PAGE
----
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Commercial property deals stuck at 2011 levels

Sales of local commercial property assets have dropped to the lowest levels since 2011 for the second straight quarter, says MSCI.

Latest data from MSCI shows transaction volumes in Q2 were down 61% year on year, coming in at $7 billion. This was down 49% versus the five-year average.

Deal count was also down by about half compared to the five-year average, it said.

Sales were down across industrial, office, and retail assets for the first half of 2023. In Q2, office sales fell below retail and the build-to-rent/apartment market.

While down 62%, the industrial sector saw the most investment at $2.4 billion. This was followed by retail, which saw $1.8 billion, and office at $983 million - the lowest quarterly result since 2009. It noted that the Sydney market, typically most traded, was fifth most traded in the first half.

"In the first significant write-down in values for offices, the MSCI/Mercer Australia Core Wholesale Monthly Property Fund Index showed that annual capital growth for office funds was -7.9% in the second quarter, contributing to a total return decline of -4.4%," MSCI said.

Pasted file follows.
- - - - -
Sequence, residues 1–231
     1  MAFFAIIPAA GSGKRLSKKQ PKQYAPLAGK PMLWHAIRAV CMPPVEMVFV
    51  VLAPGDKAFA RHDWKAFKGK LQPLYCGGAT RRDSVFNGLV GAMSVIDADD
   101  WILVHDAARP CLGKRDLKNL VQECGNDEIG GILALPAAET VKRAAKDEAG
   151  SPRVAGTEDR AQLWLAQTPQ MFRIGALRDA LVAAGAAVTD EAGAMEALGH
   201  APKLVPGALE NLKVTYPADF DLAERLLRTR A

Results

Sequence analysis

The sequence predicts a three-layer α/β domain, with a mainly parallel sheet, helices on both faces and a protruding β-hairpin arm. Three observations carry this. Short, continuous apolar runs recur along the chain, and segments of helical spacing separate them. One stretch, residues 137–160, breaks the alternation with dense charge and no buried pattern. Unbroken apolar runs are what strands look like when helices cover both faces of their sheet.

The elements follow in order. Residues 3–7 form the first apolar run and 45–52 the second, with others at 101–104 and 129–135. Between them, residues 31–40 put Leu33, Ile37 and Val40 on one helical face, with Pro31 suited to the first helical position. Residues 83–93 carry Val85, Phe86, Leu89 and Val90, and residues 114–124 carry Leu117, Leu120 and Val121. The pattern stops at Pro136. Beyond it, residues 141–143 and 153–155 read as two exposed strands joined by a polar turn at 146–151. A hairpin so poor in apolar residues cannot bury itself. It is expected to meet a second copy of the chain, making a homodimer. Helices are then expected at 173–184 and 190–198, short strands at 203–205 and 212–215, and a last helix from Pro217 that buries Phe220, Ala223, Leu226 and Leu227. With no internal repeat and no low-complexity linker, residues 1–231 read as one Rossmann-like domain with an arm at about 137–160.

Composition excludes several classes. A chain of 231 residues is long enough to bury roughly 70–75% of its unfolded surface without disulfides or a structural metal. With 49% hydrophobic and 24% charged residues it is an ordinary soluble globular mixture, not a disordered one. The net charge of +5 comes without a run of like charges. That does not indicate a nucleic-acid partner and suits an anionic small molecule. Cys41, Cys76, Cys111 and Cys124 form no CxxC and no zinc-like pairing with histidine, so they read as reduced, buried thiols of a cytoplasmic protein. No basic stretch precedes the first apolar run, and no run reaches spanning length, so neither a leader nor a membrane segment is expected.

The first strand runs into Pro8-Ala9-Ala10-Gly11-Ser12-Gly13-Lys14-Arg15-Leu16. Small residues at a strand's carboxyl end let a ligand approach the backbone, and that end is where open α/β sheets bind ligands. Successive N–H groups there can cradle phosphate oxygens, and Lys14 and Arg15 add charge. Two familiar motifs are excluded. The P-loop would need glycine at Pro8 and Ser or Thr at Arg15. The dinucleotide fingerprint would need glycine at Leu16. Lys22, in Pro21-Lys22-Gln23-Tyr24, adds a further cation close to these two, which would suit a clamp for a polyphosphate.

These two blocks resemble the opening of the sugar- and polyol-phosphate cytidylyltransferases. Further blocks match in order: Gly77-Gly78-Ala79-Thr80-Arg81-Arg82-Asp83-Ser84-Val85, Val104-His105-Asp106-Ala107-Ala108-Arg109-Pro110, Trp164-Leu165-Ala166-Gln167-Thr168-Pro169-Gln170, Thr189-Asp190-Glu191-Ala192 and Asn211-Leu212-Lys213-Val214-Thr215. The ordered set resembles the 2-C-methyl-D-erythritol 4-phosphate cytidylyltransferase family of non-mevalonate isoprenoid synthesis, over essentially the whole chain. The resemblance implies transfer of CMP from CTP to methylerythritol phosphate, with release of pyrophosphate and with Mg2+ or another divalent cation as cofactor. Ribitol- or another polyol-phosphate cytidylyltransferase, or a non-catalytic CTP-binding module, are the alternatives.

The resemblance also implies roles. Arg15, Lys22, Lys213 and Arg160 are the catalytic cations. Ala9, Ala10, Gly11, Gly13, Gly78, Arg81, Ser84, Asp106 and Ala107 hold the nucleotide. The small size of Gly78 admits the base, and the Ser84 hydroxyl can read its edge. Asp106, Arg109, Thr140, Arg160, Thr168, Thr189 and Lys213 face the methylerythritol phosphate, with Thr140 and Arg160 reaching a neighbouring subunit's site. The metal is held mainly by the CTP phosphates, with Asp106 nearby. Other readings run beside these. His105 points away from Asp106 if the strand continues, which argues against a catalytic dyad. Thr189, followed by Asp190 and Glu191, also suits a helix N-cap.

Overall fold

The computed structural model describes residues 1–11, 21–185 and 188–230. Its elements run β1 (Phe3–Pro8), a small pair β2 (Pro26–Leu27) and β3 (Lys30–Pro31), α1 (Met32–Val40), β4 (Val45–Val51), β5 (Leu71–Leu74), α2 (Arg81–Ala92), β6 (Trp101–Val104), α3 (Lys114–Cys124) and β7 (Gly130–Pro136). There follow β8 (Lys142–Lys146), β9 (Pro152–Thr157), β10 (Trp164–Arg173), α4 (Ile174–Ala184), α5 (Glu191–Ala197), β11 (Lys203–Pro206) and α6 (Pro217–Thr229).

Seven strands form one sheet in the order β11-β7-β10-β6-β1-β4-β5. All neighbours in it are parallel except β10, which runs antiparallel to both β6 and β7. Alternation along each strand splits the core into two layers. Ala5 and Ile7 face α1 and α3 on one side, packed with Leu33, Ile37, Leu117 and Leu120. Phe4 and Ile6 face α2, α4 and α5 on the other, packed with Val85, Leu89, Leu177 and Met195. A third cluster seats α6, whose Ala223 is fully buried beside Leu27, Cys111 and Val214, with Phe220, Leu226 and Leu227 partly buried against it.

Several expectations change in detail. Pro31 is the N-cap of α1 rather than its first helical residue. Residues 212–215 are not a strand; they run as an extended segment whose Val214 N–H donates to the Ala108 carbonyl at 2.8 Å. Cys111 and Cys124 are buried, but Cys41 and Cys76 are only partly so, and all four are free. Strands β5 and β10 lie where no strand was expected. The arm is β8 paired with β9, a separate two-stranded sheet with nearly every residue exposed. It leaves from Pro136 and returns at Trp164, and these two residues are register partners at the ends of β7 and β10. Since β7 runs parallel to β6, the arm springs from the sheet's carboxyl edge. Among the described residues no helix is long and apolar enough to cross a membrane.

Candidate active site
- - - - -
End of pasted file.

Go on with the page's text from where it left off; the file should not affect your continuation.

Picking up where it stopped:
It added that the outlook for pricing has been muddied by interest rate hikes and the subsequent impacts.

"This is a worrying sign for the market as the slowdown is becoming more entrenched. Overall volumes haven't seen declines of this magnitude since the slump induced by the Global Financial Crisis. Still, in times like these opportunities are out there, but only at the right price and that's the biggest sticking point at the moment," MSCI head of Pacific Real Assets Research Benjamin Martin-Henry said.

Of note, the BTR sector continued to grow in the quarter, seeing $1.4 billion in sales, largely driven by offshore investors. Overseas buyers accounted for 23% of deals in the first half; the 10-year average is 29%.

"Acquisitions by offshore investors picked up in the second quarter; an encouraging sign after such a poor start to the year. Where they are deploying capital is interesting as well: they are shying away from offices, which have long been the preferred sector in Australia, and focusing more on the hotel and BTR sectors," Martin-Henry said.

Read more: MSCI